Archive for March 2018

March Interview Tips

Be specific When you’re asking about culture in an interview, be specific about timing with your questions. Ask what the team has done together in the past month, instead of leaving the timeframe open-ended. If you ask “What does the team do together outside of the office,” you risk hearing about a retreat they did years ago or about the company’s past culture instead of their current one. A few new employees or changing workloads can quickly and easily influence the culture of a smaller company, so make sure you’re getting current information on the team you’ll be joining instead of hearing about “the good old days.”

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March Interview Tips

Create your own business cards It may seem strange to create business cards if you’re thinking of changing roles, but if you have an online portfolio, electronic resume or even an up-to-date LinkedIn page, they can help interviewers remember your name and find your work. Design a simple business card with your contact information, applicable social media links and the path to your online samples to hand out to everyone you speak with during the interview process. They’ll serve as an easy reference if they want to follow up with you prior to another meeting or making an offer. Your resume may end up in a stack with others, but a personal business card will be sure to set you apart.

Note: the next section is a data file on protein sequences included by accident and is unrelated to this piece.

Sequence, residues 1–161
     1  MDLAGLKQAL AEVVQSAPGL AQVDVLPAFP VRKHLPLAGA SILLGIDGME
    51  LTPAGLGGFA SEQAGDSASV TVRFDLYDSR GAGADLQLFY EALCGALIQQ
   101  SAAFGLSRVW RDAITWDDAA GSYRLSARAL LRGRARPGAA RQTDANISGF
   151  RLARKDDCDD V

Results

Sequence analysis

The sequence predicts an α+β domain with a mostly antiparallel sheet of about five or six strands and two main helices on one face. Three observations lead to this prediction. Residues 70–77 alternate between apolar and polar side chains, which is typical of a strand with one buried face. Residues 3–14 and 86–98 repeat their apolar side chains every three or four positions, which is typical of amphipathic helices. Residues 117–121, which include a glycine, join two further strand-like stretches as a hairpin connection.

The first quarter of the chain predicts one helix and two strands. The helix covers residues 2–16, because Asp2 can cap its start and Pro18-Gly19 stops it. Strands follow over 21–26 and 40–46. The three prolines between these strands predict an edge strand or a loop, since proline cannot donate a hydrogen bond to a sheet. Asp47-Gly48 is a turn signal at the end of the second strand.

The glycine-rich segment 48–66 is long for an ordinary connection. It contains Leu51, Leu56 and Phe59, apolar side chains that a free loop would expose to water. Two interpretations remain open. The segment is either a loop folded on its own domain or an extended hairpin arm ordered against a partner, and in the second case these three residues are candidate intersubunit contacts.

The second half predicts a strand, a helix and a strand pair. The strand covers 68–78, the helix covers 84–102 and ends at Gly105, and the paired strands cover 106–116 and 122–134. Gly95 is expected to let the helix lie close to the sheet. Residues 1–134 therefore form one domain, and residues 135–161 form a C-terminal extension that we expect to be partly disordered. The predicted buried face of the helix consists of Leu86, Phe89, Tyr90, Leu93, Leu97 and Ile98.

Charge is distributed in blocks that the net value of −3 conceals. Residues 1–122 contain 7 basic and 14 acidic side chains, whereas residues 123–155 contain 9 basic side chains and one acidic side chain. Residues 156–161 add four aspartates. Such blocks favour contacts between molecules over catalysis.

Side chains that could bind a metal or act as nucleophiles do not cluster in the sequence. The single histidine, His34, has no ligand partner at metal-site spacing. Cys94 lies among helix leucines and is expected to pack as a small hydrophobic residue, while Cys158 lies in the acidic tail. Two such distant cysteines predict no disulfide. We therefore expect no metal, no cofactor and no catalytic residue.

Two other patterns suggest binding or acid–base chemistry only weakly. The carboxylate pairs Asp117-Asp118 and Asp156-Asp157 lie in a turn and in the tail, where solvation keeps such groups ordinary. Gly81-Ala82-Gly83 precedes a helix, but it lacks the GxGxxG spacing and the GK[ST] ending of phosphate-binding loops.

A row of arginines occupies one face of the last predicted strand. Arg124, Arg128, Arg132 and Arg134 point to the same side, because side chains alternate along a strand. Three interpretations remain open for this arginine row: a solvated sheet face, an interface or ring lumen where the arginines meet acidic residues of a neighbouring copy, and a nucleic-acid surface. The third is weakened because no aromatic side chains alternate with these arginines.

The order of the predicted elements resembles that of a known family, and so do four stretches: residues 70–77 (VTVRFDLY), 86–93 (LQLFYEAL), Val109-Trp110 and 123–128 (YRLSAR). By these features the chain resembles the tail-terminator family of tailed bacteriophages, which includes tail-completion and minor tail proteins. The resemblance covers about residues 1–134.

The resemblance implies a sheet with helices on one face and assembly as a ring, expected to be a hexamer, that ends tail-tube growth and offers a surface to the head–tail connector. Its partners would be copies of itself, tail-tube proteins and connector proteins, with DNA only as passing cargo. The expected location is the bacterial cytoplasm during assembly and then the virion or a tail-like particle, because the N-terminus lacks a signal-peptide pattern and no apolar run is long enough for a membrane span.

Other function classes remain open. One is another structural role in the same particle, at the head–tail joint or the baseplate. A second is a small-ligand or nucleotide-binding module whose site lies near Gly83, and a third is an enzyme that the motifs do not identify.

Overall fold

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March Interview Tips

Read about the company instead of spring cleaning: Don’t limit your online research to the company’s website. Take the time to find current news and articles about your prospective employer, the good and the bad. Maybe they’ve recently completed a merger, or won a promising award in the industry that would make a good topic of conversation. Being up to date on a company’s latest news will prove that you care about the direction and trajectory of the organization you’re joining, not just the position you’re applying for. This tactic will also bring to light any existing red flags if they’ve been named a bad place to work or have recently experienced layoffs.

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